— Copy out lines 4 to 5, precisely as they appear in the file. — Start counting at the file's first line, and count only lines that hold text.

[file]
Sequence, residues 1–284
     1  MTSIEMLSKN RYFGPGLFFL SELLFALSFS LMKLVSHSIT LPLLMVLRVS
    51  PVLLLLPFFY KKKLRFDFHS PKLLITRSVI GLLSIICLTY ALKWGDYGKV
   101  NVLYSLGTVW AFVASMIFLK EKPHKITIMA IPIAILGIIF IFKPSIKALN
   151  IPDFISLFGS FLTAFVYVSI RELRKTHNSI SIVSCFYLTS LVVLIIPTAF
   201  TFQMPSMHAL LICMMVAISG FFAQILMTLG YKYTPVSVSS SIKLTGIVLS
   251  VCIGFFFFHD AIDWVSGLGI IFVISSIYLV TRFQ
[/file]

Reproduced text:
   101  NVLYSLGTVW AFVASMIFLK EKPHKITIMA IPIAILGIIF IFKPSIKALN
   151  IPDFISLFGS FLTAFVYVSI RELRKTHNSI SIVSCFYLTS LVVLIIPTAF